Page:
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Posted (edited)

It was very handy when I had 100+ diskettes and sometimes dim memories about where a file was. Unfortunately it was a bit beyond the capacity of the TI I had at that time. If I have had a RAMdisk large enough to hold the databases, then I think it would have been feasible. Less than 50 disks worked fine, but beyond 100 it was just too slow.

Note that there was also a search engine. It was not just possible to produce a printout.

Edited by apersson850

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I created a three-disk setup using Funnelweb as the primary disk. I set up its custom menus to point to the various programs. Instead of DSK1, DSK2, DSK3 I used their disknames, i.e. DSK.FW4.DU, DSK.XB.LOAD, etc. It would find them no matter which drive they were in.

 

 

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3 hours ago, apersson850 said:

...This was a disk catalog program, capable of showing disk catalogs for several disks.

 

I rewrote an XB LOAD program to help create a master database of all my floppies. I included room for a unique disk number, its location, category and description of each disk and file on the disk. It would optionally print a running disk catalog as you read each floppy and appended the catalogs to a pair of DV-80 files. Using TI-Base, I created a batch file that read in the DV-80 so it could be sorted or searched.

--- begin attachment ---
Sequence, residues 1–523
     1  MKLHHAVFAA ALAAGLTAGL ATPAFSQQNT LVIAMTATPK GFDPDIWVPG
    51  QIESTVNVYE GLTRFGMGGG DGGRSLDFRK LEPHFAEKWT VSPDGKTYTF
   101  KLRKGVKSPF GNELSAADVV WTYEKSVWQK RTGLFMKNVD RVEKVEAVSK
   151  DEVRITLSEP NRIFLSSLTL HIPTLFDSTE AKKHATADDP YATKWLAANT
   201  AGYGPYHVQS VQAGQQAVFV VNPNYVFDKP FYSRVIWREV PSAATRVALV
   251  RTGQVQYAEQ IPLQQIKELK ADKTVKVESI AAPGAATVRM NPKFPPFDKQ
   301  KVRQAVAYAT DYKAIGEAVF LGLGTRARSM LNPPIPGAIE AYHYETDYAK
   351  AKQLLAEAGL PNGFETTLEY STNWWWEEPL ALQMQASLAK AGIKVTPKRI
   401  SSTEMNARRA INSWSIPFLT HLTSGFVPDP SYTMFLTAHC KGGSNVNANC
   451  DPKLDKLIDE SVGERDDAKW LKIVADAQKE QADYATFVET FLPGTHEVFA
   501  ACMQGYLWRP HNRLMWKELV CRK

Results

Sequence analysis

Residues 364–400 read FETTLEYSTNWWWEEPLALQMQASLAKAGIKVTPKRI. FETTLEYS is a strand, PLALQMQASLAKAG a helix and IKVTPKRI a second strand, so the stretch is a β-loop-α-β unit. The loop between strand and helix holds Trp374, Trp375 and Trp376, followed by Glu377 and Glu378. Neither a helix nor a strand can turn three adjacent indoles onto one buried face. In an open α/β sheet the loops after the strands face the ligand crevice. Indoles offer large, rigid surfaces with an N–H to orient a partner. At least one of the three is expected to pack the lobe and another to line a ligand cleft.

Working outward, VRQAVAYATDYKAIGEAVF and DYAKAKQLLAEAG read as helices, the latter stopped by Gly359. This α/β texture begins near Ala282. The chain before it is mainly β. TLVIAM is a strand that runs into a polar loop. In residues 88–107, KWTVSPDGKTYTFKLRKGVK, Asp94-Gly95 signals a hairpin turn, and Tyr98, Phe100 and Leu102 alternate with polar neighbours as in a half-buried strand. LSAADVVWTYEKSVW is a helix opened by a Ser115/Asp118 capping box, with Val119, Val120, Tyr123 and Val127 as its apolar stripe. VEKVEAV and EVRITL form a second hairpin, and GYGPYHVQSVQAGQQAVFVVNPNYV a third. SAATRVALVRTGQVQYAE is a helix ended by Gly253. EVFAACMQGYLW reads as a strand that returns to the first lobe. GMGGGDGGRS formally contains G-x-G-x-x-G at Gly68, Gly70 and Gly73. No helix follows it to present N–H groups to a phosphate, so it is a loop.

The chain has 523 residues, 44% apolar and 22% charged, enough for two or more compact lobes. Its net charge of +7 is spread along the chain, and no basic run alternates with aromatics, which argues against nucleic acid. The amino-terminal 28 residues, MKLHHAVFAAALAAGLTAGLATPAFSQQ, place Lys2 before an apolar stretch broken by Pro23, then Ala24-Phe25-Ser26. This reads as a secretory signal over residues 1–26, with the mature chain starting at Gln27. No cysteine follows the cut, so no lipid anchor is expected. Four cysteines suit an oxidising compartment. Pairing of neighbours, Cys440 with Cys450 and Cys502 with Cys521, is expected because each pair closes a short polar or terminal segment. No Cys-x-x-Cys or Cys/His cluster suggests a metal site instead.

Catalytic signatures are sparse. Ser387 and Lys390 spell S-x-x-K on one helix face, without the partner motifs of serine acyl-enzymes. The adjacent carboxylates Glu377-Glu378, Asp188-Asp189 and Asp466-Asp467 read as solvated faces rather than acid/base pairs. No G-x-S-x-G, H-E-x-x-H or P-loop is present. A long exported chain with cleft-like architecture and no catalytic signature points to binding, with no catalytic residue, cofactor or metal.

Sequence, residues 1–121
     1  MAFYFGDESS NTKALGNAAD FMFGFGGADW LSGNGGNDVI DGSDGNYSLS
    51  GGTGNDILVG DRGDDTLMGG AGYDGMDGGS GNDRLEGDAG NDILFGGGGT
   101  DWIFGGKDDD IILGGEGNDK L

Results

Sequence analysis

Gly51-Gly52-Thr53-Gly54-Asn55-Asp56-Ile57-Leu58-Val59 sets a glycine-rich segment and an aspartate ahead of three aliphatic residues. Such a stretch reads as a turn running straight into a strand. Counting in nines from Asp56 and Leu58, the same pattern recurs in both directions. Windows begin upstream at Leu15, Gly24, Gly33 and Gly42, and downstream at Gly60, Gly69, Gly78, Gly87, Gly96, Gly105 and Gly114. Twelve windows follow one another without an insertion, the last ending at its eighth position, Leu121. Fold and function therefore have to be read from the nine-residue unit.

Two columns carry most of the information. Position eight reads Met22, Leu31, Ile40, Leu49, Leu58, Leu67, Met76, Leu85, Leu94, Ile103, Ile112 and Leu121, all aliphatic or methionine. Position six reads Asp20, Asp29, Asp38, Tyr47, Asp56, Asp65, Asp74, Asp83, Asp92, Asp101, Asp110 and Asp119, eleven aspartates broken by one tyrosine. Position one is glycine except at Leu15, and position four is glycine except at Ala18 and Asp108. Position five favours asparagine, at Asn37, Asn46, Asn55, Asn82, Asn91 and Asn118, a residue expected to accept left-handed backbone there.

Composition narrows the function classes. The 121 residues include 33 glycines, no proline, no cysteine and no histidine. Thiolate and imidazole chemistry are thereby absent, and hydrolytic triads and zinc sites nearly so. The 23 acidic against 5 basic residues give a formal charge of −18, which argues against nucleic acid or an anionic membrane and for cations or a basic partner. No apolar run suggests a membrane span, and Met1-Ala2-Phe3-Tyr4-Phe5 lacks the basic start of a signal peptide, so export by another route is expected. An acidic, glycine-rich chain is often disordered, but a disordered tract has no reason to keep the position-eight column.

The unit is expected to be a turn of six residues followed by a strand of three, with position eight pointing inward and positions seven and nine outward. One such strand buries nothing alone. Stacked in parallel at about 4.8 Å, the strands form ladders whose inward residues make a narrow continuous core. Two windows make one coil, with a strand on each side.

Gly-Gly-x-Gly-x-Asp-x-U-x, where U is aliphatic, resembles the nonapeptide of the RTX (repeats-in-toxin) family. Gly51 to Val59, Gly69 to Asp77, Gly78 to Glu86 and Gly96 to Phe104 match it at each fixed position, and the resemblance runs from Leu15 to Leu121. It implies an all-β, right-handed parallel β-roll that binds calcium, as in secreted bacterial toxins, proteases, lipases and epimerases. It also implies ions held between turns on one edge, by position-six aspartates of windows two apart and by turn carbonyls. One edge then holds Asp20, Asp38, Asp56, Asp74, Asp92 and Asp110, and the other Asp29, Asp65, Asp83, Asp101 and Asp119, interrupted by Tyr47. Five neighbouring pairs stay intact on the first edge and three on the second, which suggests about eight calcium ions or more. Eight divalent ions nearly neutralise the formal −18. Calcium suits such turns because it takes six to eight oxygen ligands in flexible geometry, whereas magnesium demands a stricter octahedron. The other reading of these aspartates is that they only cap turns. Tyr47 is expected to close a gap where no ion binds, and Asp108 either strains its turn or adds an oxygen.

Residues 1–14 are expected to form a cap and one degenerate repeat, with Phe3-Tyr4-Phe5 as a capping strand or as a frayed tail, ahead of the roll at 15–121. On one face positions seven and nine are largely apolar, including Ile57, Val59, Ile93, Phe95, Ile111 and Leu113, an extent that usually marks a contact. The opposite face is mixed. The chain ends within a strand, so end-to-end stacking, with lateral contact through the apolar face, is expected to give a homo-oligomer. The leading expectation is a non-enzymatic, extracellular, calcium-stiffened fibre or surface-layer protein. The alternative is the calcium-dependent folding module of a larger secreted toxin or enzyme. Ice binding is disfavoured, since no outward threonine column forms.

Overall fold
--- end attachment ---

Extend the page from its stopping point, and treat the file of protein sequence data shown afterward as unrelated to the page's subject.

Too bad it didn't work correctly in emulation using MacV9T9 nor would it print, but I was able to modify it so at least the DV80 lister worked. I need to see if it's plays better under Classic 99.

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Sounds like an approach to accomplish the same thing as the program I described. Maybe with the difference that I could re-read the same diskette, and the database would be updated. Didn't have to read them all once again.

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On 7/20/2020 at 5:41 PM, pixelpedant said:

Adamantyr's (as yet unreleased) Realms of Antiquity is distributed across three disks by default, so that's one example (or soon-to-be example).  And it seems like multiple volumes would be inherently required on a NanoPEB, given that device's (in this case insufficient) 400KB volumes.  Though presumably very few will ever use 1MB SAMS with a NanoPEB. 

Three 360k disks, to be exact. :) If a 180K version is supported it will have six disks. (Load, Game, four world disks). It goes without saying I would urge the use of TIPI for the best experience.

On 7/20/2020 at 8:36 PM, Ed in SoDak said:

Legends and its sequel, as shipped on two SSSD disks.

Legends II actually is on three disks. The last disk just contains the character converter and some end game sequences though. In terms of content amount, the two games are the same size.